Laurence Cossé, A Novel Bookstore (2009/10)
A Novel Bookstore is the ninth novel by French writer Laurence Cossé (the translaltion is by Alison Anderson); one of the launch titles for the UK imprint of Europa Editions; and a celebration of literature. Ivan Georg is a bookseller who has reached his forties mostly drifting through life; but that all changes when he meets Francesca Aldo-Valbelli, a fellow-lover of literature, with the wealth to turn a vision into reality – and the particular vision which the pair has is a bookstore which will stock only good novels, as selected by a secret committee of writers. The Good Novel bookstore duly opens inParis, and is a great success; but there are those who seek to discredit this well-intentioned enterprise – even to the point of physically attacking its committee members.
Though Cossé’s novel is framed as a mystery, its structure (with a lengthy detour in the middle detailing the history of The Good Novel) – and, indeed, the very resolution of the mystery – suggests that this element is not the main point of A Novel Bookstore; rather, it’s about the value of literature itself. There are direct statements of what good novels can do – literature ‘prepares you for life’ (p. 150), it ‘bring[s] like-minded people together and get[s] them talking’ (p. 81) – but we also see how literature has enriched the lives of the characters who write and read it in the book.
There are aspects of A Novel Bookstore which seem less disruptive here than I’d usually find them in a novel – such as the passages where Ivan and Francesca discuss books, passages which are detailed but don’t drag – and I’m not sure whether I am just cutting the book more slack because I share its enthusiasm for literature, and it imagines a place where I’d love to shop. Well, if that’s the case, so be it; for today, the celebration is enough.
Sara Levine, Treasure Island!!! (2012)
Sara Levine’s debut novel (another Europa UK launch title) also revolves around the transforming power of literature, though here it’s one work in particular, and the result is perhaps not as positive. Levine’s (unnamed) narrator is a twenty-something graduate with a penchant for the easy (one might say lazy) option, until reading Treasure Island inspires her to be more like Jim Hawkins, and be bold and adventurous in her life. So she takes money from the Pet Library where she works in order to buy a parrot (which does not go down well with her boss), and goes on from there.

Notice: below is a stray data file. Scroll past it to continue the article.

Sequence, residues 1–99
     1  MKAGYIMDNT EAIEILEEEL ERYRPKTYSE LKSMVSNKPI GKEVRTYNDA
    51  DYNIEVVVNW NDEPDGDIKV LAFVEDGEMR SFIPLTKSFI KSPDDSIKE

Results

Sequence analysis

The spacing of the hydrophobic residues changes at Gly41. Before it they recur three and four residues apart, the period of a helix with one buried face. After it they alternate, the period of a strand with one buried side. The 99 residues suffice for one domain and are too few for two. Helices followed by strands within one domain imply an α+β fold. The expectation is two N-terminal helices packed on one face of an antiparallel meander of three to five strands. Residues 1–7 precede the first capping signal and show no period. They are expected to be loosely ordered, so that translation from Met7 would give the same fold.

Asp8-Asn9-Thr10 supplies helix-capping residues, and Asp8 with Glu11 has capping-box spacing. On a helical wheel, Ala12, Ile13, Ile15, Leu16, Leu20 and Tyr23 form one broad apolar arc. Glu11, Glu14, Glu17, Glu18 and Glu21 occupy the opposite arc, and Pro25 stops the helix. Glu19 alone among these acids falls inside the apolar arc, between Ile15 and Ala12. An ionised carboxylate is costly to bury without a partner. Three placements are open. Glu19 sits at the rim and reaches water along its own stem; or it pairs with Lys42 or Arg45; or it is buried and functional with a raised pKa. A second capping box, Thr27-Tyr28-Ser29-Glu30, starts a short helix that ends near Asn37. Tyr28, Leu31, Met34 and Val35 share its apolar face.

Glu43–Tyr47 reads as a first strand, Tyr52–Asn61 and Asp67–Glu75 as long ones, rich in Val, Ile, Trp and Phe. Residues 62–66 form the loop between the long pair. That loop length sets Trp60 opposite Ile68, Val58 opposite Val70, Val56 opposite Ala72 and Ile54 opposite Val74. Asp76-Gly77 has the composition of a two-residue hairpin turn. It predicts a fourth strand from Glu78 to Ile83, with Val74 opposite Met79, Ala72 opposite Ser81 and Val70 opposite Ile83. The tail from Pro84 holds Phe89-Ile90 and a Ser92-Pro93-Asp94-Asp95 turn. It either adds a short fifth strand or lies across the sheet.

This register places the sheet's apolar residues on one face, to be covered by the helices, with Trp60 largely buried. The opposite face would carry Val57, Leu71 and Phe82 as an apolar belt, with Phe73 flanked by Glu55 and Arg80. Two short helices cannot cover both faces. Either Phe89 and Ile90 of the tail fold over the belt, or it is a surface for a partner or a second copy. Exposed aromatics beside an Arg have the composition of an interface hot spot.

The crux of Treasure Island!!! for me is the narrator’s lack of self-awareness: her inability (or unwillingness) to acknowledge the negative effects her actions have on others; to recognise that the changes she’s making in her life are not as daring as she thinks; to countenance that other people might have aspirations and lives as complex and important as her own. The protagonist’s narrative voice veers between wry and snarky, which adds to the portrayal of someone who is unsympathetic, but not entirely alienating. One’s reaction to her is held in tension to the very end, where there’s a suggestion that the narrator may finally be finding her way, despite everything.
Simon Kurt Unsworth, Rough Music (2012)
Now a new chapbook from Spectral Press, this time by the ever-reliable Simon Unsworth. It’s the tale of a man named Cornish, who’s been hiding an affair from his wife Andrea, and is now having to cope with a bunch of masked figures making a racket and acting out some strange performance beneath his bedroom window every night – though nobody else seems to notice them. From the start, Cornish is not exactly a sympathetic character; but Unsworth gradually and effectively reveals just how cold and calculating the protagonist is, which makes his inevitable comeuppance all the more satisfying. The ‘rough music’ outside also works well, as it shifts back and forth between having a metaphorical function and driving forward changes in the story. All in all, nicely done.